Temperatures are set to plummet over the next seven days, endangering people's health. With soaring fuel prices making heating costs unaffordable, we've put together the most cost-effective ways to keep warm this winter.
Drink plenty of warm drinks to help heat the person. Copyright: Getty images Automatic Air Curtain
The UK is facing bitterly cold weather this December, with forecasts as low as -10 in some parts of Scotland. The Health Security Agency has declared a level three cold alert, triggered only when freezing conditions are likely to affect people's health. People with respiratory problems such as asthma, or heart conditions are at particular risk during the winter months.
Our bodies need to be kept at a core body temperature of 37C to stay healthy, which means rooms should be heated to a minimum of 18C. But with the cost of living still soaring, there are concerns that people will be unable to use heating to keep themselves and their homes warm during the colder months.
Here are some tips on how to keep warm this winter, so you can check in on vulnerable friends, neighbours and family members too.
There are many things you can do to maintain your core body temperature without turning the central heating on.
Layers: Wearing lots of layers rather than one thick piece of clothing will help to trap your body heat and keep you warmer. Thermal underwear and clothing, and hot water bottles are an inexpensive way to stay warmer for longer. You can also keep your feet warm with thick socks and slippers.
Food and drink: Make sure you eat healthily and drink plenty of hot drinks throughout the day. Avoid alcohol - it prevents your blood vessels from constricting and you'll begin to lose body heat.
Move around: It's also important to avoid sitting still for long periods of time - move around and keep as active as possible. This will help boost your circulation and keep you warm.
Heating one room during the day can keep the cost of your energy bill down. There are several ways to warm a room without putting the central heating on.
Curtains: Open your curtains during the day - the sun still provides warmth, even in the winter months. Make sure you close them as soon as the sun sets to keep the warm air in. Investing in thicker curtains, or thermal curtain liners, will help keep the cold air out and prevent heat loss.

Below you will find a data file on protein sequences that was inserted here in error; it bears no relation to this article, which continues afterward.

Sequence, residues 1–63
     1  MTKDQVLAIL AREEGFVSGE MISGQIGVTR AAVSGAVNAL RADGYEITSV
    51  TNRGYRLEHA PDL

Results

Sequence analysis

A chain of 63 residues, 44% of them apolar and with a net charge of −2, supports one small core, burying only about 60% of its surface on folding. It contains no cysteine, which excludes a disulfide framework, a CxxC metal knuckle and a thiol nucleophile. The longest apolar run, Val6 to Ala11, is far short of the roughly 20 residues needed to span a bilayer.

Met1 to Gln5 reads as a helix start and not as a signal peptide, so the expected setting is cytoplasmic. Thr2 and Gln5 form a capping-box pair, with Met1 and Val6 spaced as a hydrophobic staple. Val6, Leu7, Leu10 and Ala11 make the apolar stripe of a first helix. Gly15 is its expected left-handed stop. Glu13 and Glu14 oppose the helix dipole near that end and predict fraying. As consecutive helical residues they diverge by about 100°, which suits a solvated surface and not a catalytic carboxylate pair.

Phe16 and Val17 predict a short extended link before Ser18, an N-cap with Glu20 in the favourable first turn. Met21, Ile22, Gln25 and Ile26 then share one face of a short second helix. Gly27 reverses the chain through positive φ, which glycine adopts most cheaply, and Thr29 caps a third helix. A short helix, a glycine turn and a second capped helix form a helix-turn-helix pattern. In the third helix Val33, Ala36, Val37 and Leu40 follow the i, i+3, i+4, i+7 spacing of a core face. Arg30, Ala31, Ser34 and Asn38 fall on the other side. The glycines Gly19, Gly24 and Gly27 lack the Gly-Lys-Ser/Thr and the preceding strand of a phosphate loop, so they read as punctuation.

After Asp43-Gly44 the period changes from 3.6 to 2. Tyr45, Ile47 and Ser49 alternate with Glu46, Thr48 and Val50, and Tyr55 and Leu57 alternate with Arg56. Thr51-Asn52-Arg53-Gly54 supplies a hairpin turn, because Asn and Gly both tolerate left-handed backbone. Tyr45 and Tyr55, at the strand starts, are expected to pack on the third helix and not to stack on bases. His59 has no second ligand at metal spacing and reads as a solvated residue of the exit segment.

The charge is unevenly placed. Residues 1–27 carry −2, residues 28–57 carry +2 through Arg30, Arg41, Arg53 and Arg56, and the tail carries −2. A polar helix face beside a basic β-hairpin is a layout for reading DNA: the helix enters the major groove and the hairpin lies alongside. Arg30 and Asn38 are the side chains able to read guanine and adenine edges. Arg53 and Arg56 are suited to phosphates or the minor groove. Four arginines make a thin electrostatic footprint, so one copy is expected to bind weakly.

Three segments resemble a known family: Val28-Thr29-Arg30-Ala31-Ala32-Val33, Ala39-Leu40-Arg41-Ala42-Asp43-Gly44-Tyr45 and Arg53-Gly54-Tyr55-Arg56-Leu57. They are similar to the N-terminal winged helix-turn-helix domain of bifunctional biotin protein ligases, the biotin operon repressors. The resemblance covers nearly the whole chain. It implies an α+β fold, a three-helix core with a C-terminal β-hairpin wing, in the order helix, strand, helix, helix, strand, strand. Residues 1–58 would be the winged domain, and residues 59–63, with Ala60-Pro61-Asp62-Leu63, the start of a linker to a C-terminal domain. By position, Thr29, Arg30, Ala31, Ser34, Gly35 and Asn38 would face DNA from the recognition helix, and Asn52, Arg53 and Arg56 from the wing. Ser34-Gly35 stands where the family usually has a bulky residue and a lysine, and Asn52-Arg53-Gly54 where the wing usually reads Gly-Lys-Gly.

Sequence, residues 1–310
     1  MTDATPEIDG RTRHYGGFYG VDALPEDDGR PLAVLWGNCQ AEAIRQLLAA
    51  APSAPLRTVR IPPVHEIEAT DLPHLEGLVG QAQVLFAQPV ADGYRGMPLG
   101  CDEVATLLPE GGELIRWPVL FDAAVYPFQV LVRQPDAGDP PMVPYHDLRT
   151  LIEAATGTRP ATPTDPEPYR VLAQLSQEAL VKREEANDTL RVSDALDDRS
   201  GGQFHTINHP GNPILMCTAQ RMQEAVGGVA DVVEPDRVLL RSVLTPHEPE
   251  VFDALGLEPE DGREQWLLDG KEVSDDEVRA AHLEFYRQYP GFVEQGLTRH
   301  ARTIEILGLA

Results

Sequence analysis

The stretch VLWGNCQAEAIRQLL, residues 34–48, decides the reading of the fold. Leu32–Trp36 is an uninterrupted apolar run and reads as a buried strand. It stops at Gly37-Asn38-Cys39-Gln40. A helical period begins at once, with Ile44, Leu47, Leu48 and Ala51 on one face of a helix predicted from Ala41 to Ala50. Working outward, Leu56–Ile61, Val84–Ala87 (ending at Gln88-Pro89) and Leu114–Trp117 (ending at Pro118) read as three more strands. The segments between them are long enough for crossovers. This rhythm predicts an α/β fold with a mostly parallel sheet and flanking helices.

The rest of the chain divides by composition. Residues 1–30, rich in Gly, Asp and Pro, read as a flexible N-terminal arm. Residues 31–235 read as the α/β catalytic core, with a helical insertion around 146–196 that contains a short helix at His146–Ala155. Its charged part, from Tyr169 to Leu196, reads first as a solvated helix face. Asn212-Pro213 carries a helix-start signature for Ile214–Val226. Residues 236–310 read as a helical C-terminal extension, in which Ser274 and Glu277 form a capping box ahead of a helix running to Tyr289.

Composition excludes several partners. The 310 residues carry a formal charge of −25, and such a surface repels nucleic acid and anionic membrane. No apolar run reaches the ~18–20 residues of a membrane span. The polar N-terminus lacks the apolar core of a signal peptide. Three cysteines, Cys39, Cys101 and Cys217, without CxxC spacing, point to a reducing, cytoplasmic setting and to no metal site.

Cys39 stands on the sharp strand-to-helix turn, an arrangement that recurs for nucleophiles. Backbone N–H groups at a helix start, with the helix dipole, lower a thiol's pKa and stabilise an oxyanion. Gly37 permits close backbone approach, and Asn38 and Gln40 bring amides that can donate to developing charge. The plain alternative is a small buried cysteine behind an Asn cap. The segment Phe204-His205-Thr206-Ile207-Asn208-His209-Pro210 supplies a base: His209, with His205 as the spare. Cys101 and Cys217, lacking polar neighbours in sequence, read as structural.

Use a draught excluder: We tend to lose a lot of heat through gaps around windows and doors. Exclude draughts by lining your windows with rubber seals and use a homemade draught excluder by doors.
Move furniture away from external walls: Sitting with your back against an internal wall will instantly feel a lot warmer.
Insulate your floor with rugs: If you don't have carpets, put down plenty of rugs. Hardwood or laminate floors are a lot colder than carpeted areas.
Avoid condensation on windows: With the windows closed, condensation can quickly build and can eventually turn to mould. This can be harmful to your lungs. Make sure you turn your extractor fans on in the bathroom and kitchen and wipe down your windows at regular intervals.
Temperatures really plummet at night, so it's important to keep your bedroom as warm as possible. As with any room, exclude any draughts, close the windows when it's cold and put down rugs to insulate the floor.
Bedding: Use extra blankets, or buy flannel or fleece bedding if you can. These materials trap body heat and are better insulators than cotton. Using thicker tog duvets will also provide warmth.
Electric or weighted blankets: An electric blanket is a lot cheaper to run than a heater and provides a constant source of heat throughout the night. Weighted blankets are also very comforting and don't let draughty air into the bed.
Toasty pyjamas: Wearing fleece or flannel pyjamas will go a long way to keeping you warm as they trap the heat. Bed socks will also help you sleep.
Hot water bottle: Cost effective and long lasting, a hot water bottle will provide a safe source of warmth throughout the night.
As temperatures plummet, many organisations across the country are creating warm hubs. These spaces offer warm food and drink, heating and a place to meet others.
Warm Welcome has 3,000 registered hubs across the UK, offering welcoming spaces to the public. You can find one near you, here.
Many local organisations such as churches, town halls, shops, pubs and cafes are also offering warm hubs. Check with your local council to find a space near you.
If you’re claiming benefits such as Pension Credit, Disability Allowance, Income Support, Income-based Job Seekers' Allowance, Income-related Employment and Support Allowance, Universal Credit or Support for Mortgage Interest, you may be able to get help with your energy bill.
Warm Home Discount scheme: The UK government run scheme is available to those receiving benefits or a low income, you can check if you're eligible on their website.
Cold Weather payment: These are given to people receiving benefits in England and Wales when there is an extended period of freezing weather. See if you're eligible for support.
Contact your gas or electricity supplier: Find out what support you could receive from your gas and electricity supplier by contacting them directly.
Winter fuel payment: Those born before 26th September 1956 may be eligible to receive support to pay their heating bill.
You can also contact Energy Savings Trusts, Citizens Advice Bureau and National Energy Action for simple energy advice on how you can save energy, make your home more efficient and reduce bills.
You can call the British Red Cross support line for more information about services in your area.
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